• Women’s empowerment;
    • Energy innovation; and
    • Youth skills and jobs.

    Women’s empowerment highlights:

    • Vodafone’s goal is to connect an additional 50 million women living in emerging markets to mobile by 2025. Since 2016, Vodafone has added an additional 13.3 million female customers in these markets.
    • Vodafone has an ambition to become the world’s best employer for women by 2025. In 2018, women held 29% of Vodafone’s management and leadership roles.

    Energy innovation highlights:

    • Last week, Vodafone announced new goals to reduce its greenhouse gas (GHG) emissions by 40% and to purchase 100% of electricity it uses from renewable sources by 2025.
    • This year, Vodafone reduced the amount of GHG emissions per petabyte of data carried on its network by 40%.
    • Vodafone’s IoT services helps its customers to operate more efficiently, save energy and reduce their GHG emissions. This year, Vodafone’s customers saved 2.1 tonnes of CO2e for every tonne it generated in its own operations.

    Youth skills and jobs highlights:

    • In March 2018, Vodafone announced its commitment, by 2022, to support 10 million young people through its future digital jobs programme, What will you be?. The programme will help to address the dual challenges of youth unemployment and a growing digital skills gap.
    • Vodafone has also committed to provide up to 100,000 under 25s with a digital workplace experience within Vodafone– the largest commitment to training and development in its 33-year history.

    Operating responsibly

    Vodafone’s strategy is built on an unwavering commitment to operating responsibly in everything it does. The Report sets out Vodafone’s determination to act lawfully, responsibly and with integrity, and outlines its corporate transparency programme which addresses four specific areas that are often the focus of intense public debate:

    • tax and total economic contribution;
    • supply chain integrity and safety;
    • mobiles, masts and health; and
    • digital rights and freedoms

    The Sustainable Business Report 2018 is available at

    About Vodafone Group
    Vodafone Group is one of the world’s largest telecommunications companies and provides a range of services including voice, messaging, data and fixed communications. Vodafone Group has mobile operations in 25 countries, partners with mobile networks in 46 more, and fixed broadband operations in 18 markets. As of 31 March 2018, Vodafone Group had 535.8 million mobile customers and 19.7 million fixed broadband customers (including India and all of the customers in Vodafone’s joint ventures and associates). For more information, please visit:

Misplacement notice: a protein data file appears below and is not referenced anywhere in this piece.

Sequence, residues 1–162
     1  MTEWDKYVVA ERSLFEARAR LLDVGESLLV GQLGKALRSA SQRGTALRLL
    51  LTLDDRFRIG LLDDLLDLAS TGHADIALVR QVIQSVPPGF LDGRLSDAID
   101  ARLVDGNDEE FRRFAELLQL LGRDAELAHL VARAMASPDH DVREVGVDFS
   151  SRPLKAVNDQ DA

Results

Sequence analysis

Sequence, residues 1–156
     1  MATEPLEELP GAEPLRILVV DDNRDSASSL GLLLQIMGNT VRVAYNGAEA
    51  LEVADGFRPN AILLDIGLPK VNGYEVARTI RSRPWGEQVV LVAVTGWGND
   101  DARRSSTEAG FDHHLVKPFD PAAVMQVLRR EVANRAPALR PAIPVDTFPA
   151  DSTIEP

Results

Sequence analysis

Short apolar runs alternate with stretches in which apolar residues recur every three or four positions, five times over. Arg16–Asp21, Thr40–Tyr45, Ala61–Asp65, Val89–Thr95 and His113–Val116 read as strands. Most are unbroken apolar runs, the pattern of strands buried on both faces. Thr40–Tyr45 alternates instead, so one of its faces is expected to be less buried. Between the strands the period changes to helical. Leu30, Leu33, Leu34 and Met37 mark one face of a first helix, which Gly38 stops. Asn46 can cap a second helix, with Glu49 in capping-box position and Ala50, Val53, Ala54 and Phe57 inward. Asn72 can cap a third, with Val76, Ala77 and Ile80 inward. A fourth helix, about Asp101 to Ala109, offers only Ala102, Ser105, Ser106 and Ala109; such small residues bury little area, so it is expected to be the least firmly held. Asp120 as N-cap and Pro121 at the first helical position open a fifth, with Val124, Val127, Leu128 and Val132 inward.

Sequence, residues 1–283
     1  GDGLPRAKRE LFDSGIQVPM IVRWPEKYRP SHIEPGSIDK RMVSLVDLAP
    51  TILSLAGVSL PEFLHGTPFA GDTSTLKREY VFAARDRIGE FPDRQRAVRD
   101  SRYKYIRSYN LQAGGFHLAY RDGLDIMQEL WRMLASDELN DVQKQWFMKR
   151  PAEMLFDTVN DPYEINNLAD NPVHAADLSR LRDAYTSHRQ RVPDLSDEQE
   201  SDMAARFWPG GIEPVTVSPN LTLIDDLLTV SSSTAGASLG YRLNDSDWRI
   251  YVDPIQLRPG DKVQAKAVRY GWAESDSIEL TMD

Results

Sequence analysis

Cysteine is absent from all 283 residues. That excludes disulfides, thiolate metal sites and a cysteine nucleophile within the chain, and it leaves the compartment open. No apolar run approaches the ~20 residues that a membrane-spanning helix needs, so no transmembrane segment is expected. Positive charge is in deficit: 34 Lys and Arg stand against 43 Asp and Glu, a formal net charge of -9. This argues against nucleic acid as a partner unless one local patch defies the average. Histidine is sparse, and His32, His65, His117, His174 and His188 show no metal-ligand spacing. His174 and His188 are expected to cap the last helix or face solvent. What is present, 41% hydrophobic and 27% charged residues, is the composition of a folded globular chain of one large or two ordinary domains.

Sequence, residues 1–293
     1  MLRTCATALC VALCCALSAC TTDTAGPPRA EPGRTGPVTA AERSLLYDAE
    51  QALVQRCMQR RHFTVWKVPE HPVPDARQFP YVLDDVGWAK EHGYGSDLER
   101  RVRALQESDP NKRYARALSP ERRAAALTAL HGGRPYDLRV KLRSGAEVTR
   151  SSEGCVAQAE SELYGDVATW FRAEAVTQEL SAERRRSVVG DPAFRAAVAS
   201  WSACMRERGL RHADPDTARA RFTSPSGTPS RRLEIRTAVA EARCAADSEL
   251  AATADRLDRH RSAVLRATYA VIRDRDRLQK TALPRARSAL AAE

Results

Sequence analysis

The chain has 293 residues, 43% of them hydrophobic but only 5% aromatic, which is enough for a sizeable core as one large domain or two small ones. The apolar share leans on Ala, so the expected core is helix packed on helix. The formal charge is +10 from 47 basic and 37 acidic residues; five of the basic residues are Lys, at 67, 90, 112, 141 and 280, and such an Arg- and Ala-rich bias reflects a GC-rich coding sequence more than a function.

Media Relations

    Read the Report

    Tweet me:.@VodafoneGroup publishes #Sustainable Business Report 2018, intends to deliver significant transformation in #womenempowerment, #energyinnovation & Youth skills and jobs

    KEYWORDS: Vodafone, ReportAlert, Sustainable Business Report, GHG, supply chain, Innovation


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    Over 300 employees from Timberland’s global headquarters in Stratham, NH recently pulled on their boots for a day of volunteer service to celebrate Timberlands’ 20th annual Earth Day service event. The outdoor lifestyle brand closed its corporate office on May 10 to encourage employees to serve at one of six local projects designed to meet community needs while helping to green and grow the community. The projects addressed food insecurity, homelessness, addiction/recovery, and veteran’s affairs -- the four issues employees indicated they most wanted to address through their service. Benefitting organizations included: Families in Transition; Girl Scouts-Camp Seawood; Habitat for Humanity-Southeast NH; New Franklin School; and New Generation.

    Each project was led by a Timberland employee who volunteered to work with the non-profit partners in advance of Earth Day to plan and develop the project. At Camp Seawood, employees refurbished cabins, the archery range and picnic tables. The volunteers also built 20 Leopold benches and expanded nature trails around the 38-acre property. At the Habitat for Humanity build, employees had the opportunity to work alongside the future recipient of the home to construct three decks, insulate and drywall the house, and spread over 70 yards of loam for the future lawn. Volunteers constructed an outdoor teaching space, organic apple orchard, garden beds and play mounds at nearby New Franklin School, where teachers and students will be able to host lessons and be inspired by nature.

    “I always enjoy Earth Day,” said Jason Blades, Timberland’s community service manager.  “After a long winter, employees embrace the opportunity to pull on their boots, step outside, and work together to support deserving organizations in our community. Earth Day essentially kicks off our service season each year and gets employees excited to use their service time in meaningful ways.”  

    Since 1992, Timberland has offered employees up to 40 paid hours each year to serve in the community, through the brand’s Path of Service™ program.  While employees are encouraged to use their service hours in ways that speak to their own passions, the Stratham HQ closes its doors for the day twice each year to allow employees to the opportunity to serve as a team.